Depending on whom you're listening to, Artificial Intelligence (AI) is either a threat that will turn on its creators or is the saviour of humankind in the years to come. As with most things, the truth lies somewhere in the middle of these two options - AI is a technology that will act within its capacity to perform the functions that it is given. Even within the group of people who don't believe that AI will turn violent, many consider AI, with its potential to do repetitive or time-intensive work swiftly and accurately, as a threat to the global job market. If robots do the jobs of humans, what will humans do, they ask. The answer to that is simple - they will do the other jobs that robots can't.
In the last decade or so, swift advances in Machine Learning and Deep Learning technologies have led to AI making a quantum leap in its capacity to perform functions. AI can now decode natural language, translate in real-time, and even engage in limited conversation with human beings. It won't be long before it is capable of passing the Turing test absolutely. The increasing capacity of AI to learn and make decisions added to its existing abilities to work without rest and error-free would make it an ideal choice for doing the kind of manual labour that many are still are engaged in doing today.
What AI has shown little or no capacity to engage in thus far is creativity and innovation. It is unlikely to develop a sense of humour and probably would require centuries of development before it can approach the concept of thinking laterally and outside the box. AI will be much better suited to replace human beings in mass manufacturing, bringing greater synergy and efficiency into that domain than before. Doing so would lower the costs of manufactured goods, increase consumption, and raise the profits of such companies. This would increase these companies' productivity, and make them need more humans in marketing. Which is why certain research firms have indicated that AI will create more jobs than it eliminates, stating that by 2020, AI will generate 2.3 million jobs worldwide.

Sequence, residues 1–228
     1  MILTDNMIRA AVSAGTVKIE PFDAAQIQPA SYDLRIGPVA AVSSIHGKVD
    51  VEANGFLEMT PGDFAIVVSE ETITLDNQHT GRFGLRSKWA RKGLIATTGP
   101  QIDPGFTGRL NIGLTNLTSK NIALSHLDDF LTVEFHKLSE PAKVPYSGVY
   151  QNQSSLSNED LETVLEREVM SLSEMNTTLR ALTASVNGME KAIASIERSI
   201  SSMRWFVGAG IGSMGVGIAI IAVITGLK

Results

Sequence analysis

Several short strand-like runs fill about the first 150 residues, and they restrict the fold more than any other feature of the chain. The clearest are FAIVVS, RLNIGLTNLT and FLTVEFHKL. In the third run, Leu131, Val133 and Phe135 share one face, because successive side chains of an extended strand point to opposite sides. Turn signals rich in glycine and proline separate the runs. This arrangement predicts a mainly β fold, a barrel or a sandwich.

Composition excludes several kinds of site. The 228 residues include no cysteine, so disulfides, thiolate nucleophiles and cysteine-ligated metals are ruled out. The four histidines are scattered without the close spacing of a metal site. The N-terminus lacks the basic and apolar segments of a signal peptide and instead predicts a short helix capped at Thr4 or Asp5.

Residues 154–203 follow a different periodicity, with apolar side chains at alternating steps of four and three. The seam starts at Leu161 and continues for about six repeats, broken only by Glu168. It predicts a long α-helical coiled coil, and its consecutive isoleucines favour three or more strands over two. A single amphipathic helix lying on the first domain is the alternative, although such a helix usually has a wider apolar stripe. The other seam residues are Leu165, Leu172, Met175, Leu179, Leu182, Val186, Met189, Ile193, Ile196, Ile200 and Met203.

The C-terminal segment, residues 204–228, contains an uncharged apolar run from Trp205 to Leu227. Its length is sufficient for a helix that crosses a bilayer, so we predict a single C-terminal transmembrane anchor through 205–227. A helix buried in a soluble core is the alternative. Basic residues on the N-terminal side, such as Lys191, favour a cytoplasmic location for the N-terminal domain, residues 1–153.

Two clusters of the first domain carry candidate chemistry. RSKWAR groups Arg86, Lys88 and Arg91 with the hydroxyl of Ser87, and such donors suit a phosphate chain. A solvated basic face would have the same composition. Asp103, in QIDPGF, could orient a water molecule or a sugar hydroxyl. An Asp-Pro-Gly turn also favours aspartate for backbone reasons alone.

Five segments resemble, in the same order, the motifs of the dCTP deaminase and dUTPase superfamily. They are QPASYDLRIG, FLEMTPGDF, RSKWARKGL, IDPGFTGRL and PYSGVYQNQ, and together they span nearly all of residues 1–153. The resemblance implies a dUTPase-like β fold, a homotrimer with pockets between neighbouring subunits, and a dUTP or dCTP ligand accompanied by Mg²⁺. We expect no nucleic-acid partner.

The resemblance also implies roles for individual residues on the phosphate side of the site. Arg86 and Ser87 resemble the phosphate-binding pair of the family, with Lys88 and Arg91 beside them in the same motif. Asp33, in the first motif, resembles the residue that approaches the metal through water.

A survey of 1,000 global organisations which deployed AI-based systems found that 80% of the surveyed firms had added more jobs, while two-thirds of the respondents indicated that there had been no reduction in jobs attributable to AI. For the most part, AI is being used to enhance and enable human employees to remove redundant mechanical and record-keeping aspects of their work, freeing them up and enabling them to be more productive.
The spike in demand for AI-proficient programmers is all the more remarkable because there is a dearth of qualified candidates capable of taking up these positions. According to a leading job portal, there is currently a ratio of 2.3 available roles for every suitable candidate. Applications of AI would also create a massive pool of opportunities.
Even in other industries, AI will create greater productivity that would enhance employment, not curtail it. There will be a greater need for humans who specialise in abstract thinking, creative tasks, and problem-solving, which will lead to job growth in these areas.
While these new jobs will be more lucrative than the ones that AI will take up, they will require substantial reskilling of the existing workforce. Hence, in the field of AI, it is important to focus more on improving the skills of the workforce, than be worried about the growing technology.
We should actively ask how we can make ourselves more productive and less mechanical in our work, and find ways to add problem-solving and analytical skills. Picking up AI programming would be a great choice, as this is easier to learn than one would imagine. So, what are you waiting for?
(The author is managing director - India, Udacity)
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This report was first published in thewire.in and has been posted here without any alterations or editing. To read the original report, CLICK HERE
New Delhi: Over 650 members of civil society have demanded a stop to the ‘vendetta politics’ against Harsh Mander and other activists, adding that the Centre has been “misusing” regulatory institutions and laws like the Foreign Contributions (Regulation) Act (FCRA) to harass civil society institutions.
The statement comes after a case was registered under the Juvenile Justice (Care and Protection of Children) Act over alleged violations by two shelter homes in South Delhi which were established by the Centre for Equity Studies (CES), an NGO that Mander is associated with.